Asia’s marine waters are divided into 13 Large Marine Ecosystems (LMEs), which together generate about 50% of the global marine fish catch of ~110 million tonnes annually. Here, I carry out a comparative analysis and valuation of these 13 LMEs with a focus on fish values even though marine ecosystem valuation is much broader than the valuation of fisheries. The following indicators were employed: Catch level, landed values, and subsidy intensity. These are key indicators of a fishery because (i) catch is an indicator of the amount of fish available in weight for food security purposes; (ii) landed value is the firsthand value from which wages, profits and economic impact originate; and (iii) fisheries subsidy is a policy instrument, which if used wrongly can lead to overcapacity and overfishing. In the second part of this contribution, I use the East and South China Sea LMEs to further illustrate the value of ocean fisheries and some of the threats they face. To carry out the comparative analysis, I extracted data from the Sea Around Us and Fisheries Economics Research Unit databases at the University of British Columbia. I also rely on the data and analysis of the OceanAsia project supported by the ADM Capital Foundation Ltd of Hong Kong. The analysis suggests that Asian LMEs are crucial in terms of food security, economic and social benefits to tens of millions of people in Asia and around the world; are under strong overfishing pressure; and that action is needed through effective management to stem the overfishing tide in order to ensure that these LMEs continue to sustain the delivery of goods and services through time.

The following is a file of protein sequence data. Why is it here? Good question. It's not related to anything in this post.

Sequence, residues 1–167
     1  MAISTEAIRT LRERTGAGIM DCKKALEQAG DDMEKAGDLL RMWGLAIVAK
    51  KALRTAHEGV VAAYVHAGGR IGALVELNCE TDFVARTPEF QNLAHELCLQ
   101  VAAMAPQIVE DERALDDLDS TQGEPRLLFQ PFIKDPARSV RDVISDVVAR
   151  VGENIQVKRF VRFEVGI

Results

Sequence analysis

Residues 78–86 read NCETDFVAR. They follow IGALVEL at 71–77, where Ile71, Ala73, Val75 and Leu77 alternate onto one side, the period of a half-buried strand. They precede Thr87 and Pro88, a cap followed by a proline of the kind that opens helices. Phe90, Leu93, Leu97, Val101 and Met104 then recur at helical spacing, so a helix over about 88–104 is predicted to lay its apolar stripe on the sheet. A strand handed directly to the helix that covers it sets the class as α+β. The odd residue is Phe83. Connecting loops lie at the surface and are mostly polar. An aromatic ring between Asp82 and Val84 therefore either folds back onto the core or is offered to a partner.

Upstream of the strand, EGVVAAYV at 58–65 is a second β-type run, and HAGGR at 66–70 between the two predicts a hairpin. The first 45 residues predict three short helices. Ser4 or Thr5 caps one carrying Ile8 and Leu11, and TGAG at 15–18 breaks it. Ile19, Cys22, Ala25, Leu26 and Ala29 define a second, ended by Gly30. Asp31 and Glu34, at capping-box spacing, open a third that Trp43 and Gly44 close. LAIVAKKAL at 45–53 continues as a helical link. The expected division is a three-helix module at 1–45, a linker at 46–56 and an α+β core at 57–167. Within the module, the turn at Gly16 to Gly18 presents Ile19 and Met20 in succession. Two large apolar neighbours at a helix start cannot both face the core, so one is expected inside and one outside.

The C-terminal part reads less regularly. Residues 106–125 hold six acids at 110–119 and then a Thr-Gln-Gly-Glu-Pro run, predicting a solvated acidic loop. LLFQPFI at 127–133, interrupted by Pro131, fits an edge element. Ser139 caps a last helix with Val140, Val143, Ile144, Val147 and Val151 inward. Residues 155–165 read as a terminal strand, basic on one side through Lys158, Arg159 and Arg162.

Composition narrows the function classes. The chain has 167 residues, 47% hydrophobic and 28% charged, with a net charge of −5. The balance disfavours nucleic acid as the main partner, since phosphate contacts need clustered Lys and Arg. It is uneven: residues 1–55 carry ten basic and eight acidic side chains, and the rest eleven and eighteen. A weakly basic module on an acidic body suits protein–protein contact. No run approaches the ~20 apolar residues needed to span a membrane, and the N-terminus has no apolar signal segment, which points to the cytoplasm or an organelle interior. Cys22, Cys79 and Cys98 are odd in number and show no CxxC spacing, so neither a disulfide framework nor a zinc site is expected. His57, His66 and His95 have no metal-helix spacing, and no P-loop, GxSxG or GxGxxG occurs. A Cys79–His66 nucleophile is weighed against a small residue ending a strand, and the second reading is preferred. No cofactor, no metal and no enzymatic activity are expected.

This panel focuses on the socio-economic and cultural significance of American eels. The
discussion covers an overview of eel fisheries, socio-economic uses, international eel markets, dominance of Asian aquaculture, and the role of the American eel for aquaculture seed stock and for the consumption market.